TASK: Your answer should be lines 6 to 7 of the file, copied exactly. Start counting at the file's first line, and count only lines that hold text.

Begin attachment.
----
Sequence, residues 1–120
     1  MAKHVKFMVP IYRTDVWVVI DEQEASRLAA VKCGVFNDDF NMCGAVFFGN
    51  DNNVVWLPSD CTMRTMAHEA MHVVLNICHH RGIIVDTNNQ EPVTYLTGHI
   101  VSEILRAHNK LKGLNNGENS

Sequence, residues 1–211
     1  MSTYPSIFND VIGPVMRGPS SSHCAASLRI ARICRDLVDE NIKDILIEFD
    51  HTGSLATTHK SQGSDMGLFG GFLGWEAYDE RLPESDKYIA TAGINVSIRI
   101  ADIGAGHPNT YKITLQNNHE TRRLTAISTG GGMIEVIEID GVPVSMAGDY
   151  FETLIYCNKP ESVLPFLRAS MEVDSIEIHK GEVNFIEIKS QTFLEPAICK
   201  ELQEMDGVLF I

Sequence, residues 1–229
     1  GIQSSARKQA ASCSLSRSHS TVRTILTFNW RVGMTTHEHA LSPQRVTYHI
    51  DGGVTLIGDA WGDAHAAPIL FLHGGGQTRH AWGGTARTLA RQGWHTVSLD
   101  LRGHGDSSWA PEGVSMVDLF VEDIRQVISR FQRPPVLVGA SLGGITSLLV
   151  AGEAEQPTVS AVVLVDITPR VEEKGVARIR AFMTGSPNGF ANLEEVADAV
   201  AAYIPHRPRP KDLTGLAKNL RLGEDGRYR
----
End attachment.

     1  MSTYPSIFND VIGPVMRGPS SSHCAASLRI ARICRDLVDE NIKDILIEFD
    51  HTGSLATTHK SQGSDMGLFG GFLGWEAYDE RLPESDKYIA TAGINVSIRI